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Publisher's Note:  

The story of three generations in twentieth-century China that blends the intimacy of memoir and the panoramic sweep of eyewitness history—a bestselling classic in thirty languages with more than ten million copies sold around the world, now with a new introduction from the author

An engrossing record of Mao’s impact on China, an unusual window on the female experience in the modern world, and an inspiring tale of courage and love, Jung Chang describes the extraordinary lives and experiences of her family members: her grandmother, a warlord’s concubine; her mother’s struggles as a young idealistic Communist; and her parents’ experience as members of the Communist elite and their ordeal during the Cultural Revolution. Chang was a Red Guard briefly at the age of fourteen, then worked as a peasant, a “barefoot doctor,” a steelworker, and an electrician. As the story of each generation unfolds, Chang captures in gripping, moving—and ultimately uplifting—detail the cycles of violent drama visited on her own family and millions of others caught in the whirlwind of history.



Wild Swans: Three Daughters of China

by Jung Chang

Review Date:
05/02/2014

Recommended Age:
16+

Overall Rating:
****1/2

Profanity / Language Rating:
***

Violence / Gore Rating:
*****

Sex / Nudity Rating:
*****

Overall Review:  

China's turbulent past is captured excellently in the Wild Swans: Three Daughters of China.  Told through the personal experiences of three generations of women this account is better than any history book. The experiences of the three women are unique is such a way that they seem impossible to be true.  Ranging from warlord concubine, communist freedom fighter, and finally an enlightened academic the reader will be surprised at the cultural and historical events that make up the last hundred years of China's history.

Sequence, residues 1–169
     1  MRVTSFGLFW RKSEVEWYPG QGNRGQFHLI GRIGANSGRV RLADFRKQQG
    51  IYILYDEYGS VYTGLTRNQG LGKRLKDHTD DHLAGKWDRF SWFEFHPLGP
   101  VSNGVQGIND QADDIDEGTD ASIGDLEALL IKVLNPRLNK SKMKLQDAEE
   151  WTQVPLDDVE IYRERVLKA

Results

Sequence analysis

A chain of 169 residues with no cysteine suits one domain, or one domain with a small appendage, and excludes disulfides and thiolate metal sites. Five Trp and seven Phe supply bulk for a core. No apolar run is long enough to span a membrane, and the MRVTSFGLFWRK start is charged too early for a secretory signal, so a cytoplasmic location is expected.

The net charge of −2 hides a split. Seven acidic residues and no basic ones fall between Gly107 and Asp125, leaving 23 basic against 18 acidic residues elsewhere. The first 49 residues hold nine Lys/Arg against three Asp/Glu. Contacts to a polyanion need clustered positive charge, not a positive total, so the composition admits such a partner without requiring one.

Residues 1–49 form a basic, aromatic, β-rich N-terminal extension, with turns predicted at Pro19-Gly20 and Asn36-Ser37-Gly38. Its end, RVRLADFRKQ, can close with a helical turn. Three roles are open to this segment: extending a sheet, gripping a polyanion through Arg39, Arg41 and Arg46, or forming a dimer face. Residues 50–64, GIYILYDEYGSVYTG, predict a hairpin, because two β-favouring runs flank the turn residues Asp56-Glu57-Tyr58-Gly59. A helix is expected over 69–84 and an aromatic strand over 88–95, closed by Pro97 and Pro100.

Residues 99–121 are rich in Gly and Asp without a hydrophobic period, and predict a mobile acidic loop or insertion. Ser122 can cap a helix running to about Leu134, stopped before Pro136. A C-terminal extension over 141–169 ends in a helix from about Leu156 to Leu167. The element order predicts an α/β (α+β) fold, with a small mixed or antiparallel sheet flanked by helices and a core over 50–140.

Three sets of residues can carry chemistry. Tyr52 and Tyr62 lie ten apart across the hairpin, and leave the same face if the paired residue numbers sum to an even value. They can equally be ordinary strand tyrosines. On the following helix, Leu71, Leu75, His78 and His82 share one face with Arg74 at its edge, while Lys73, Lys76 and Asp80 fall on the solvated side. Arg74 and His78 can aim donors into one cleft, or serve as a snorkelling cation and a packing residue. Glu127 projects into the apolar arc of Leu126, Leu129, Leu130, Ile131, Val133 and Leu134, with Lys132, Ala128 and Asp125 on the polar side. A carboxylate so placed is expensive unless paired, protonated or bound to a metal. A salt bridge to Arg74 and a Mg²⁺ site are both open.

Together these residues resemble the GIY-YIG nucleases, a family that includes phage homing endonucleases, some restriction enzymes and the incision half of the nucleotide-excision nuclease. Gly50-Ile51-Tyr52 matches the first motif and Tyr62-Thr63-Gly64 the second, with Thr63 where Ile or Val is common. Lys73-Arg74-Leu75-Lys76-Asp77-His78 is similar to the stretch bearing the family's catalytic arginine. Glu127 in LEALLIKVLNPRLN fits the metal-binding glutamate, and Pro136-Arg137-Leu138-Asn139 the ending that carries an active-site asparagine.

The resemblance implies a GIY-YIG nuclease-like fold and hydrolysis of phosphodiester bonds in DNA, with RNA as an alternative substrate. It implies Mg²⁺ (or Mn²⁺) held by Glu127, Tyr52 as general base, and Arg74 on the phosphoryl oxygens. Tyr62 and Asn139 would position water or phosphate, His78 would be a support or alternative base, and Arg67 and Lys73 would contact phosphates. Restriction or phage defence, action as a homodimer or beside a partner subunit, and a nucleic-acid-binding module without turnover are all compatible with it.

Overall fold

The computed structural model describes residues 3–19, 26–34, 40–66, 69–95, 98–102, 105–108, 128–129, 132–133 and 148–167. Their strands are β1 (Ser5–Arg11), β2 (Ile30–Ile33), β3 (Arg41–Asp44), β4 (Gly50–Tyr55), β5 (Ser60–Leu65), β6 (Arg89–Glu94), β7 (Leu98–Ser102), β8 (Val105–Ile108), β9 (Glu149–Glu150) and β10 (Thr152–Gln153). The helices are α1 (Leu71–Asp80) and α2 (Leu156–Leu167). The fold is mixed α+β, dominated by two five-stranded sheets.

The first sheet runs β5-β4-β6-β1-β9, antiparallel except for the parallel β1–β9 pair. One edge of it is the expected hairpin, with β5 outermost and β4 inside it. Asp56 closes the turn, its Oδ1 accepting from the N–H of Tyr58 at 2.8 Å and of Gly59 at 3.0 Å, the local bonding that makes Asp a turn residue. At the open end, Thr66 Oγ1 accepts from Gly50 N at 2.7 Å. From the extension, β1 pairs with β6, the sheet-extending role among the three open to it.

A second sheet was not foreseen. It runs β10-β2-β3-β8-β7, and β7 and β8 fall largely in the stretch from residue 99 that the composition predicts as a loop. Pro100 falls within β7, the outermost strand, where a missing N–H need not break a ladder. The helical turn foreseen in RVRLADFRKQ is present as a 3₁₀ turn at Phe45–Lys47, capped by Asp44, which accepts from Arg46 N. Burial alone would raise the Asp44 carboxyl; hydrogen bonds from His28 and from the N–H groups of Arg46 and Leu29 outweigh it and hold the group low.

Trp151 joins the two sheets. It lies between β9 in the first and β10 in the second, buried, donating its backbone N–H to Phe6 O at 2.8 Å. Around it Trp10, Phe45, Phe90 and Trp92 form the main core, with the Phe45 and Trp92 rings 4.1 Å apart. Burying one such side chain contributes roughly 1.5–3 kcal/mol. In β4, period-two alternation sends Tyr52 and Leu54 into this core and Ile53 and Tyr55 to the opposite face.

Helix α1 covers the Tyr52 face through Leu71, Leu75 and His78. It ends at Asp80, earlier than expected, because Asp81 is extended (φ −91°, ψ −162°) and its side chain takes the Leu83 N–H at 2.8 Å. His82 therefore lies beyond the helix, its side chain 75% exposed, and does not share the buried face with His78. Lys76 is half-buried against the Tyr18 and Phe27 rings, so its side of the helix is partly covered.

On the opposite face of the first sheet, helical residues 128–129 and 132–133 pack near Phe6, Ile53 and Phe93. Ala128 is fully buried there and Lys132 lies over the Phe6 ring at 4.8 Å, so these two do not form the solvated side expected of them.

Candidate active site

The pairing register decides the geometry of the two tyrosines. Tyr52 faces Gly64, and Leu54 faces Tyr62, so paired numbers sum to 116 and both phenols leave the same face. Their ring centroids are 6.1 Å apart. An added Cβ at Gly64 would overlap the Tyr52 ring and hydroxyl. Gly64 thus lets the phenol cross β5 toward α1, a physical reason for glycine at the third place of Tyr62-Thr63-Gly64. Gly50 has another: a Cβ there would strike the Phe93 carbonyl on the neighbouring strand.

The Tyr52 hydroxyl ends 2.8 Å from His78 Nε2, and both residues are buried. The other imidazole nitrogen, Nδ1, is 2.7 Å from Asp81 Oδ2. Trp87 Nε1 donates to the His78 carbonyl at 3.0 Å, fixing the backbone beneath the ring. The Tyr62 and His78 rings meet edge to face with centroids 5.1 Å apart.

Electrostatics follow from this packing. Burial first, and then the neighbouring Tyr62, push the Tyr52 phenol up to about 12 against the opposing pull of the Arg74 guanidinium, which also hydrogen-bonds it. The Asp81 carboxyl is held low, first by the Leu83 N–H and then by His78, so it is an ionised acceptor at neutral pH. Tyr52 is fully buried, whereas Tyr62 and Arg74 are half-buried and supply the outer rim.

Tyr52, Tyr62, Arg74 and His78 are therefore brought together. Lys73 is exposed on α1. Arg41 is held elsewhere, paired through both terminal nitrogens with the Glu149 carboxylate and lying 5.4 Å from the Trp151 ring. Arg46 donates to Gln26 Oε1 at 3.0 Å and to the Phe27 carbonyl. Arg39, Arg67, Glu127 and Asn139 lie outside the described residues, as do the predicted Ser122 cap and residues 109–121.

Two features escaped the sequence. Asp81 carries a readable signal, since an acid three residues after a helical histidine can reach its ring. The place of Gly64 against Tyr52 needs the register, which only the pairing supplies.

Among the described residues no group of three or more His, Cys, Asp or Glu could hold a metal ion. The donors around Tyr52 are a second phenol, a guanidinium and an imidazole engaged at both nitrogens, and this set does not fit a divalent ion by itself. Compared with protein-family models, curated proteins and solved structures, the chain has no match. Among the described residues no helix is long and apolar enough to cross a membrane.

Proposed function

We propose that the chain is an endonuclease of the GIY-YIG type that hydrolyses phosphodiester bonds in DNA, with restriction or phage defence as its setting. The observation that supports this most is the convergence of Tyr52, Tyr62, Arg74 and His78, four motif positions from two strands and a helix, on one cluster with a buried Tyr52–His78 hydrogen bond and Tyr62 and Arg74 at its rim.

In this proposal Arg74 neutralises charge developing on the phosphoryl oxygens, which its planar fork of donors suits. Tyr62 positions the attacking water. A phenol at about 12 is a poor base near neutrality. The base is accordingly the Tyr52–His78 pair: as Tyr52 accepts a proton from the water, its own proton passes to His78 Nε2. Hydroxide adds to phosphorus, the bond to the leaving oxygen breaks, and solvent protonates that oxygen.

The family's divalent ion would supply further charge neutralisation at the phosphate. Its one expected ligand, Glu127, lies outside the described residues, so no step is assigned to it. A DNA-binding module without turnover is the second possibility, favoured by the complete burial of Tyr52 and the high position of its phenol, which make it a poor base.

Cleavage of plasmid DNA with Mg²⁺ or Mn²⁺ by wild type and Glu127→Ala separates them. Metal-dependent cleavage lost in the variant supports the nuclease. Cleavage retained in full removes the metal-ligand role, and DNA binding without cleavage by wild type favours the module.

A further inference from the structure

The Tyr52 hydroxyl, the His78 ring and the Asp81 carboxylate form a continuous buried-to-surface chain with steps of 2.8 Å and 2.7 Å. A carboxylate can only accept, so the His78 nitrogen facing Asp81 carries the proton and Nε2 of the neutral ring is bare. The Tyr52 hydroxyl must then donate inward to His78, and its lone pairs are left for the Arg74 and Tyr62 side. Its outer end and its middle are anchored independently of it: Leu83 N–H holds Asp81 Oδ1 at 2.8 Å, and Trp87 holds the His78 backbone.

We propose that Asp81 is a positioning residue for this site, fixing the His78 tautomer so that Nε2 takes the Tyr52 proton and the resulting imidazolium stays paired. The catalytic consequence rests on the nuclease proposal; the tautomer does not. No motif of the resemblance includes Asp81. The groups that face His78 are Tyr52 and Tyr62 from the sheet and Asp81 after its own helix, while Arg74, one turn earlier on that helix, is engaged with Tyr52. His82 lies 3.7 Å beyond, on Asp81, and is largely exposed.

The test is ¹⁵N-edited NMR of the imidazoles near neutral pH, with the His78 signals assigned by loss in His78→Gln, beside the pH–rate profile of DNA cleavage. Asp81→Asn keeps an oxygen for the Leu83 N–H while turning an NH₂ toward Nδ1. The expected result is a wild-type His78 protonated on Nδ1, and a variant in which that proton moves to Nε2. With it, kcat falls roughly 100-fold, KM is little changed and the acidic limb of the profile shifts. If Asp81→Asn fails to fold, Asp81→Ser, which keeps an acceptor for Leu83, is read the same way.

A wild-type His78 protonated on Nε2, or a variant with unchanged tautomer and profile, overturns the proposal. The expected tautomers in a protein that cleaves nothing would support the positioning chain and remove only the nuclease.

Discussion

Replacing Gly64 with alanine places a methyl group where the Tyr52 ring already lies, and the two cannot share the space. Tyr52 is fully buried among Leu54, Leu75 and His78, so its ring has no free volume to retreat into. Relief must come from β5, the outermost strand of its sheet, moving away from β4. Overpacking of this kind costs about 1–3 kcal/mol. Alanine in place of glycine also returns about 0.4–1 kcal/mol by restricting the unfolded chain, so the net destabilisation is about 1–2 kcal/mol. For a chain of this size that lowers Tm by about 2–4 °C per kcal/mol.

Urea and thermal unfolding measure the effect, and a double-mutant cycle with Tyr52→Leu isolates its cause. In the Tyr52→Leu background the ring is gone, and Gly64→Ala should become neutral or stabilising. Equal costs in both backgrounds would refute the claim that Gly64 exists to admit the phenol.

Surprised may be the wrong word.  Completely mystified at the political reality that was Mao's China is more apt.  Reading about the death, starvation, living conditions, isolationism, destruction of moral values, idleness, ignorance and overall decay of society caused by Mao and his followers is remarkable.  More remarkable are the experiences of those who overcame these struggles. That is the greatness of this autobiography/biography.

 

My only criticism of the book is that it is somewhat slow in spots. Not because of the story, but because the reader must plow through pages and pages of the abhorrent conditions and tragic tales of China.  It is depressing reading that sets you up for a good ending.  A book worth reading--I highly recommend it. 


Content Analysis:  

Language/Profanity:  3 derogatory names

Some use of foreign words or phrases that are roughly translated and would be offensive if said to a Chinese person in China but are not considered profanity in the United States.

 

Violence/Gore:  It is hard to list every account of violence mentioned in this book.  The story has everything from spanking a child to public beatings and executions. Second hand accounts of war, rape, gang fights, riots, fist fights, suicide and torture are all present.  Nothing is very graphic in detail--it is just mentioned and described as a second hand account much like a history book.  During the famine section of the book there is mention of cannibalism of babies and children. It is not described in detail but referred to and is probably the most disturbing individual act in the book.  Some of the torture techniques are described but an actual scene of torture is limited and non-graphic.

 

Sex/Nudity:  Several minor flirtations or romantic gestures; describes the lifestyle of a concubine but is non-graphic; several second hand mentions of rape - non-detailed; several scenes about child birth - non-graphic; some talk of being a "worn shoe" essentially a girl with loose morals; a woman breast feeds in public totally topless; a couple of references to semen stained clothing.



Mature Subject Matter:  

Murder, torture, death of family member, death of a child, rape, war, Communism, poverty, class system, Despotism, propaganda, corruption, famine, disease, censorship, suicide, mental illness.



Alcohol / Drug Use:  

Drinking of alcohol, references to opium, drug addiction, pipe and cigarette smoking.



Reviewed By Matthew
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